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Asset Protection Trusts

Nobody relishes the idea that they will die, yet we all know that this is the one fate that awaits us all. No one ever anticipates how to die, however, if you die without a will, your property will be distributed according to rules as set out in the law of 1925.

Wills are means used to ensure properties are well managed and disposed according to a person’s last wish in death. A will can be viewed as an express form of discretionary trust.

The will is drafted as a document during one’s lifetime and it acts as a good way to protect and ring-fence assets. The first step in writing a will is to understand that it can protect your assets for you as well as your family. For the whole process to be complete one needs to appoint beneficiaries (these are the people who execute the will) and then put assets into the will. The assets put in the will become owned by the beneficiary given by you.

A lot of things can go into the will; they could include investments, cash or property. Wills serves an importantly function for civil partners and married couples and are set up with the motive of splitting ownership of assets like family home and other jointly owned assets. The will comes into effect after the departure of one of the partners.
To save your family the trouble of laws of intestacy coming over to make decisions on how to distribute your wealth, one should make a will giving instructions of how their property should be appropriated in death. A will also ensures that your loved ones will not have added complications in administering your estate. In drafting a will, you can ensure that an unmarried partner is catered for as the law has no provision that will recognize automatically such a partner’s claim to part of your estate.
At Direct Wills Trust, you will be treated to the best in class and professional will writing that is not only fast but easy. This will give you the peace of mind that you and your family deserve and ensure that your family and assets are well protected. By not leaving a will the deceased in many families have reduced their families inheritance, this causes untold misery and potentially reduces the value of a family’s inheritance. Our aim here is to make drafting a will for you to be as easy and convenient as it can be.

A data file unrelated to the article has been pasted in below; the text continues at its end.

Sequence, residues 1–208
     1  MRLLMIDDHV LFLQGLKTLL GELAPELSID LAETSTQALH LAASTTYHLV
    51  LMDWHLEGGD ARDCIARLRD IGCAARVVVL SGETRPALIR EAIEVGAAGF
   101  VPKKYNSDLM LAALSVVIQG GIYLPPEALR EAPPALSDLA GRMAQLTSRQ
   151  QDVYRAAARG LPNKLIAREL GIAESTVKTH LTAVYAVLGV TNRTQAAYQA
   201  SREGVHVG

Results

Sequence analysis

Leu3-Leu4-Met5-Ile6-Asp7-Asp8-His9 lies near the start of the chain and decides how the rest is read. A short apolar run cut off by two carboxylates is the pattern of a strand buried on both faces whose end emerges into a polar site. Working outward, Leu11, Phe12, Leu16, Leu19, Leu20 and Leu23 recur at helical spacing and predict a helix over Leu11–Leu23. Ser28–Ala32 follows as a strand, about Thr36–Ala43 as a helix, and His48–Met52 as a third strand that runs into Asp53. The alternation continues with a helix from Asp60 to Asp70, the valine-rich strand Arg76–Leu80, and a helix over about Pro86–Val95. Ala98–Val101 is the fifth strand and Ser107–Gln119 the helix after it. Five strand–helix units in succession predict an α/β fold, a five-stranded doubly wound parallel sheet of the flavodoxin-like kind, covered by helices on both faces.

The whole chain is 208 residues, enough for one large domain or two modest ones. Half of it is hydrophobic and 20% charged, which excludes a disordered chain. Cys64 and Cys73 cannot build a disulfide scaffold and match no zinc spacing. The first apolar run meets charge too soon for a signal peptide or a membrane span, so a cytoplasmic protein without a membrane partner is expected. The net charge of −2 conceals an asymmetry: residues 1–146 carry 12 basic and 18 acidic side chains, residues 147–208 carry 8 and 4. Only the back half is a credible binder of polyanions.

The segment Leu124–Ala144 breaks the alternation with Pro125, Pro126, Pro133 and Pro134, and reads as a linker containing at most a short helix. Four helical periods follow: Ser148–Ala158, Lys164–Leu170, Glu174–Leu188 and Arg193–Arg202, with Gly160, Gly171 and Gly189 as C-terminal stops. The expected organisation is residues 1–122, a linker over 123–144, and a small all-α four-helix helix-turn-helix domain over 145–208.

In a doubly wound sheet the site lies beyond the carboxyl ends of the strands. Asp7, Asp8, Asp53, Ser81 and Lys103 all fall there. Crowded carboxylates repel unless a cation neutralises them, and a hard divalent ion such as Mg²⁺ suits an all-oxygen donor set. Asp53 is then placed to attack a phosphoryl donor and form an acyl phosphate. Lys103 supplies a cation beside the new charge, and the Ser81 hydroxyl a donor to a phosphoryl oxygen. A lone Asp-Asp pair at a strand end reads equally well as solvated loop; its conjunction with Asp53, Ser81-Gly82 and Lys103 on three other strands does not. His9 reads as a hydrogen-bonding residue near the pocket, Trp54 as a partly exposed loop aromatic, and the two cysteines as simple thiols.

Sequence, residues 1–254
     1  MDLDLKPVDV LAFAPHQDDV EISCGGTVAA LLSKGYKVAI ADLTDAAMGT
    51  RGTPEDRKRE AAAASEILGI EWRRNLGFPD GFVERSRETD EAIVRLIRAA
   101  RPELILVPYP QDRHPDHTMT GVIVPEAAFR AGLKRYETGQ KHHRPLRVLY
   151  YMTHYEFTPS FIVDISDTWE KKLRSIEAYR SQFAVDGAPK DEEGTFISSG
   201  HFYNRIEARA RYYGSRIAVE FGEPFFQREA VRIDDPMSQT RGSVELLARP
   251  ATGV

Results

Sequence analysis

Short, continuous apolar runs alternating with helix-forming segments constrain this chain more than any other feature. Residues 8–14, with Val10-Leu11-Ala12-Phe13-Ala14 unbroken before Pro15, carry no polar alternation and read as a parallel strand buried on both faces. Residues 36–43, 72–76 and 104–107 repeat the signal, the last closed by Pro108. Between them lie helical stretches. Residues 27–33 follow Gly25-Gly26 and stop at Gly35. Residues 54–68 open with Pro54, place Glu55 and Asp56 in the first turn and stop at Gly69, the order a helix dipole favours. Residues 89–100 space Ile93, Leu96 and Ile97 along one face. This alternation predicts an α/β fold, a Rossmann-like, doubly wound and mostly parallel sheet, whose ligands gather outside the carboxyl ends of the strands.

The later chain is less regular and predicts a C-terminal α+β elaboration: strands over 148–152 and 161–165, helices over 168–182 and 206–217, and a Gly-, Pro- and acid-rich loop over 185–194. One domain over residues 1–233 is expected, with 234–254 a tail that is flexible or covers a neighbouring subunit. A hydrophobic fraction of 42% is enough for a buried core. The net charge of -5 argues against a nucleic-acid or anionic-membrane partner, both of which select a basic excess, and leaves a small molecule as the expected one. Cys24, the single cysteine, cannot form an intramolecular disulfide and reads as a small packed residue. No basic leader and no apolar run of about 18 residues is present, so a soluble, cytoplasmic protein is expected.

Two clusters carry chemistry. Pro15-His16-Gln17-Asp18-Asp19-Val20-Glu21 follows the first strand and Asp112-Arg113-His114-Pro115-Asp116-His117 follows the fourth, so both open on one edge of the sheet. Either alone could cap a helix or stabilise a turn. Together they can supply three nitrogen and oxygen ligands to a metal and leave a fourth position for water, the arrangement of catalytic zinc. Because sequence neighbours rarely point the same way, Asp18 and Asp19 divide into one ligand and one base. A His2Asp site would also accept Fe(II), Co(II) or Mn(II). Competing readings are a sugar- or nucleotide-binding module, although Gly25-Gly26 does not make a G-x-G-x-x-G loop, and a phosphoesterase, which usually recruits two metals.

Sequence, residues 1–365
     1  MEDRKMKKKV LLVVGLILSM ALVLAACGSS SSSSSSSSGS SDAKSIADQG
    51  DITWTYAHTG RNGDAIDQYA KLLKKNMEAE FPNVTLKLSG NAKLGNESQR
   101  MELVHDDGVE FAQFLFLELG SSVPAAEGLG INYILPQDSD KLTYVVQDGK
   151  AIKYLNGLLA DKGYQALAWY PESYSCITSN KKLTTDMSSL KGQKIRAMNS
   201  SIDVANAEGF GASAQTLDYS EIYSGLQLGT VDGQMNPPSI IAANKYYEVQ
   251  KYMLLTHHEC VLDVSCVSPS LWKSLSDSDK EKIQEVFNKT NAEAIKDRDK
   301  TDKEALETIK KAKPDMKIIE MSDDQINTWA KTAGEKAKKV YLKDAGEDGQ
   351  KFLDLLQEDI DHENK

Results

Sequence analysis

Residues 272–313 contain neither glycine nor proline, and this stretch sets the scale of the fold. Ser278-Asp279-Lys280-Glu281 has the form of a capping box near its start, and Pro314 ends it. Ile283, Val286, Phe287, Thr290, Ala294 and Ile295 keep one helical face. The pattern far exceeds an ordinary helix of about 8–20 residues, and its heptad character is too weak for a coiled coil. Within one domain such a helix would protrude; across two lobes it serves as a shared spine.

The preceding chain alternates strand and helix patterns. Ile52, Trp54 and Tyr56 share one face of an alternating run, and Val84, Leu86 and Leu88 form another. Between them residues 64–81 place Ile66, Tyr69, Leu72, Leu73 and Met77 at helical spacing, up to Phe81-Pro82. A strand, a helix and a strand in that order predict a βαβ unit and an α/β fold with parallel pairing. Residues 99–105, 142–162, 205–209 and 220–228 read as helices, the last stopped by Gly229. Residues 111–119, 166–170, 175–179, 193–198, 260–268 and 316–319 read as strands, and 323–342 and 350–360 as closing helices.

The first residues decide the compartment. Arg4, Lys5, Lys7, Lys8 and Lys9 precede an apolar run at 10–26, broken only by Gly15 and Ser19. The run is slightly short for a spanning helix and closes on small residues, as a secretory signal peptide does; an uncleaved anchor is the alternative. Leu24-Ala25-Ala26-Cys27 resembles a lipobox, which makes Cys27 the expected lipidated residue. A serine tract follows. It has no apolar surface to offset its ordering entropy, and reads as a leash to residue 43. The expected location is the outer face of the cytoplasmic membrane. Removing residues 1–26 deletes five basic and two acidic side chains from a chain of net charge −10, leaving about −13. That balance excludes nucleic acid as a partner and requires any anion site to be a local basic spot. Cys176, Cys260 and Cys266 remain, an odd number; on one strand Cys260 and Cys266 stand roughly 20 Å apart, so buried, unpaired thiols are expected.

Deciding to leave your estate to your family and friends means making a will. If you die before making a will, the law decides what happens to your estate.

Making a will ensures that your wishes can be actioned and the beneficiaries will be the people you have chosen. Sometimes though, there are other considerations to take into account. What will happen if you need some of your estate to pay for care in your old age? If you are the owner of a property you intended to leave to family members it could be sold. Asset Protection Trusts are one way of arranging your estate so that it is left to the ones you choose.

Asset Protection Trusts can consist of property, cash, or investments. Once a Trust has been set up, you must nominate some honest, reliable people to manage it. These will be the Trustees. Often they will be relatives or close friends. A trust is drawn up separately to a will.

The area of Asset Protection is extensive and complicated. Always obtain professional advice before deciding which course of action to take. There are several ways of setting up a trust, and you should be sure that you choose the correct one for your circumstances. Consideration should be given to the attitude of the Local Authority, who when assessing for provision of care, will want to take into account the value of a property. An ineffective Trust could lead to the entitlement to state benefits being removed. There may be issues around Capital Gains Tax, Inheritance Tax or even Income Tax, so reliable information is essential and should always be sought.

These types of Trusts are not new, but have become more visible in recent years, possibly as a result of some elderly people having to sell their homes to pay for local authority care. If a Trust has been drawn up a short while before someone needs to go into care, a Local Authority may regard it as ‘deliberate deprivation’, resulting in loss of any financial assistance. However, good advice is available and by thinking ahead and planning for the future, you can succeed in leaving your estate to whoever you designate.
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